MOLINE, Illinois - Customers want tall Christmas trees and both farmers and local shop managers say they're struggling to meet the demand this year.
Quad-City native Brendan O'Brien is home for the holidays and was sent to Wyffels Christmas Tree Farm to try and find the perfect tree for his family's holiday season.
When he arrived, he found that many of the trees were shorter than he expected. He says finding tall trees has become increasingly challenging.
"For the last couple years, I would say we've noticed this more," O'Brien said, who was hoping to find a tree 7 feet or taller.
Rick Wyffels and his wife have been growing and selling Christmas Trees for about 20 years at their farm located at 3319 N. Shore Drive in Moline, Illinois.
This year, the average height of a Christmas Tree there is about 6 feet tall, but it can take anywhere from six to 12 years to grow a tree that tall. Wyffels said most customers want trees 7 to 8 feet tall.
Last year, Wyffels had to close his Christmas Tree Farm because the trees just didn't grow tall enough.
Over the years, complications arose for tree farmers.
In 2008, when the recession hit, many tree farmers planted less seeds. In 2012, a drought had a serious impact on Wyffels slow-growing crop. He lost a field of about 2,000 trees that year.
That's why the effects of the recession and drought is felt now, in 2019.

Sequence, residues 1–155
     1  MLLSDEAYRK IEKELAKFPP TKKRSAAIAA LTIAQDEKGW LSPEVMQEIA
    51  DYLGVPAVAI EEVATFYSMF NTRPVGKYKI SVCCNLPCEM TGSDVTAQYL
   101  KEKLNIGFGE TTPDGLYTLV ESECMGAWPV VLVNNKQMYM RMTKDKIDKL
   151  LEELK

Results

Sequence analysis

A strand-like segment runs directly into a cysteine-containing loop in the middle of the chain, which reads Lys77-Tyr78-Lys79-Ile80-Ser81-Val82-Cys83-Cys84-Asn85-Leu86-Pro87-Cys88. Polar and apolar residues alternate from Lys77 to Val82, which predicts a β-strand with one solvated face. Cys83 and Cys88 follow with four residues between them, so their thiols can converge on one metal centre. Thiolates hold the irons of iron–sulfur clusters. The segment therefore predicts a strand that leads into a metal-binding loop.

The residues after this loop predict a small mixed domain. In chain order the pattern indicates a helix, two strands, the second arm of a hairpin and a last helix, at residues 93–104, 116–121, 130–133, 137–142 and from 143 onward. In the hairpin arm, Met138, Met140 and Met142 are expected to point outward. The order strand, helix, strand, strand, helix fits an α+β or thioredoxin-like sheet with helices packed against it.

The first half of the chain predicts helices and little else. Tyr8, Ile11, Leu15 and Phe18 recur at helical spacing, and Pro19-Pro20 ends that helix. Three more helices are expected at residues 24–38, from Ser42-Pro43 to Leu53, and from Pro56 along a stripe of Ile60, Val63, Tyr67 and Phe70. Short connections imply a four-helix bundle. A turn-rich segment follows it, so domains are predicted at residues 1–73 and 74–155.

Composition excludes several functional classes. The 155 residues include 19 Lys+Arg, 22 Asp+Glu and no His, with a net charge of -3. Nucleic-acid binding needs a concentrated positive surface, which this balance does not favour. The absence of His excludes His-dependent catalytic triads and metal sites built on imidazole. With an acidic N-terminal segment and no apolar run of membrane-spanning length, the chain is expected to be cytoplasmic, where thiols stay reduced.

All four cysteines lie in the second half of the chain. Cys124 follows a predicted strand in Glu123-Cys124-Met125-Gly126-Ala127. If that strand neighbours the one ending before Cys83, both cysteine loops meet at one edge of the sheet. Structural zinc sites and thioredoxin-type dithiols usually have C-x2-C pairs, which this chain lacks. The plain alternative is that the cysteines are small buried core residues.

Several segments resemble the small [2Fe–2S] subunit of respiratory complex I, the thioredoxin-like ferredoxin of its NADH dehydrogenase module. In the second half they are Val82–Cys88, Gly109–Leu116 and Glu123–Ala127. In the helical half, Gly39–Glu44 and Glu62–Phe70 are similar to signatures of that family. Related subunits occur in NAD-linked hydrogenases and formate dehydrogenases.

"Were controlled by nature. If nature doesn`t cooperate, our trees don`t grow," said Wyffels.
He said this year's comeback has been tough.
"This year`s kind of slow because people knew that our trees were too small last year," said Wyffels.
While farmers feel the pressure to grow tall trees, local shops struggle to find tall trees to sell.
"When there`s a shortage like this, we try to deal with it the best we can," said Kate Terrell, General Manager at Wallace's Garden Center. "We usually get about 1,500 trees and this year we had about 700. So, we did sell out very quickly."
Terrell said her inventory of trees sold out on Dec. 10.
She said the nationwide tree shortage means her staff has not been able to serve all of their customers the way they usually can. She is already reaching out to tree-providers to try and secure as many trees as she can for 2020.
Meanwhile, farmer Rick Wyffels says he will continue to work and try to meet demand.
"We're going to keep going with our trees, going to try and get them as tall as we can, and we hope they come back next year," said Wyffels.
Shoppers like Brendan O'Brien settle for what they can find, and say it may be time to consider changes.
"With weather changing and different factors, maybe it is more on us to come up with different, more sustainable traditions," said O'Brien.
A national Christmas Tree shortage with a local impact.